An area which could be seen as a potential danger would be that of artificial intelligence. As AI advances as a concept, the more like humans they will become, and thus more capable of making decisions based in intuition. If this is to be taken as the ambition, surely an intuitive decision making machine would offer a security defect in the same way a human would. Admittedly the risk would be substantially smaller, but on the contrary, the machine would be making X times many more decision than the human.

All-in-all the report raises more questions than provides answers. While security has been pushed to the top of the agenda for numerous organizations, receiving additional investment and attention, it does not appear the same organizations are getting any better at protecting themselves. The fact 13% more organizations have been attacked in the last 12 month suggests it could be getting worse.

To finish, the study asked whether an individual felt their organization was well enough protected. Only 18% believe they are.

Twitter acquires machine learning start-up Magic Pony

Twitter has stepped up its efforts in the machine learning arena after announcing the acquisition of visual processing technology company Magic Pony.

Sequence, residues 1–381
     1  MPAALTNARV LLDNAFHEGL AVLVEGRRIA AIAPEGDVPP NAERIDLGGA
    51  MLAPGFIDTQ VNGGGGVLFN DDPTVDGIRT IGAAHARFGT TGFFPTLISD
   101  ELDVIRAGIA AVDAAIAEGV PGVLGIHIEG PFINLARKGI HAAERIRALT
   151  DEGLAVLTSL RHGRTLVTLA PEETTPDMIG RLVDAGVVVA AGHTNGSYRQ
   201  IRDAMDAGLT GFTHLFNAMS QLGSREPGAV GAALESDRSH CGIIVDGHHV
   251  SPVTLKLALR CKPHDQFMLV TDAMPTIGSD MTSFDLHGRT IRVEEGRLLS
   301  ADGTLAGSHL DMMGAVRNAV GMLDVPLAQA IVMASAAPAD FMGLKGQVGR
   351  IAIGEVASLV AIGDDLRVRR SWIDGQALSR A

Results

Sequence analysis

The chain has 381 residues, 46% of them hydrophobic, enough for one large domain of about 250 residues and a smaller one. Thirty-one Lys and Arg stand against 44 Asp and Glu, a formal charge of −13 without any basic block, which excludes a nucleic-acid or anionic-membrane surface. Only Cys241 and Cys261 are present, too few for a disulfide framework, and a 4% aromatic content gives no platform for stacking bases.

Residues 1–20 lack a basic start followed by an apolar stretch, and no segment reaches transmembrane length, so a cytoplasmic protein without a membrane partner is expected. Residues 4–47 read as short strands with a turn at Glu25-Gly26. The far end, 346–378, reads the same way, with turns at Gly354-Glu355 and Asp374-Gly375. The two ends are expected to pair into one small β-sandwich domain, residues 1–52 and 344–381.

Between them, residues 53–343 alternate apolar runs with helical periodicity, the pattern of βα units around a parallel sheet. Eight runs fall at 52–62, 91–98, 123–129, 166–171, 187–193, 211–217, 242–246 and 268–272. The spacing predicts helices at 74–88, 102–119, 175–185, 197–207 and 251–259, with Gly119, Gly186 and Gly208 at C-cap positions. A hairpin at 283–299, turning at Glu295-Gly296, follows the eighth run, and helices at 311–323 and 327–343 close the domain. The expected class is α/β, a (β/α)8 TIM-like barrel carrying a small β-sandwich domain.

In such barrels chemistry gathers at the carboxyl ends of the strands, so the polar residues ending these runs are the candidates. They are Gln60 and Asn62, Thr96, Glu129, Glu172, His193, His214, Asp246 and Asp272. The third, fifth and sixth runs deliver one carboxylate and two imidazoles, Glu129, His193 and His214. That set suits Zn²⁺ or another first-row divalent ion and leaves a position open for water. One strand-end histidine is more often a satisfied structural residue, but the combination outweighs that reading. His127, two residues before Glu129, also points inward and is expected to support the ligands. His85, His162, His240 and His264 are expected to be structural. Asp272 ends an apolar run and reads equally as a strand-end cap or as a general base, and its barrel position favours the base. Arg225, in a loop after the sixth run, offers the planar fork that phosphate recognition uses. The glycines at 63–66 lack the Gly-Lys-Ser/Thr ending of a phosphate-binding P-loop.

While the company claims machine learning is central to the brands capabilities, it has been relatively quiet in the market segment in comparison to industry heavy weights such as IBM, Google and Microsoft. This is the third acquisition the team has made in this area, reported to be in the range of $150 million, following the purchase of Whetlab last year and Mad Bits in 2014, compared to Google who acquired Jetpac, Dark Blue Labs and Vision Factory, as well as $500 million on DeepMind, all in 2014.

“Machine learning is increasingly at the core of everything we build at Twitter,” said Jack Dorsey, Twitter CEO. “Magic Pony’s machine learning technology will help us build strength into our deep learning teams with world-class talent, so Twitter can continue to be the best place to see what’s happening and why it matters, first. We value deep learning research to help make our world better, and we will keep doing our part to share our work and learnings with the community.”

The acquisition follows Twitter’s announcement last week advertisers will now be able to utilize emoji keyword targeting for Twitter Ads. Although a simple proposition in the first instance, the new features did open up the opportunity for machine learning enhanced advertising solutions.

Magic Pony, which was founded in 2014 and currently has 11 employees, was acquired to bolster the visual experiences that are delivered across Twitter apps. The team will link up with Twitter Cortex, the in-house machine learning department, to improve image processing expertise.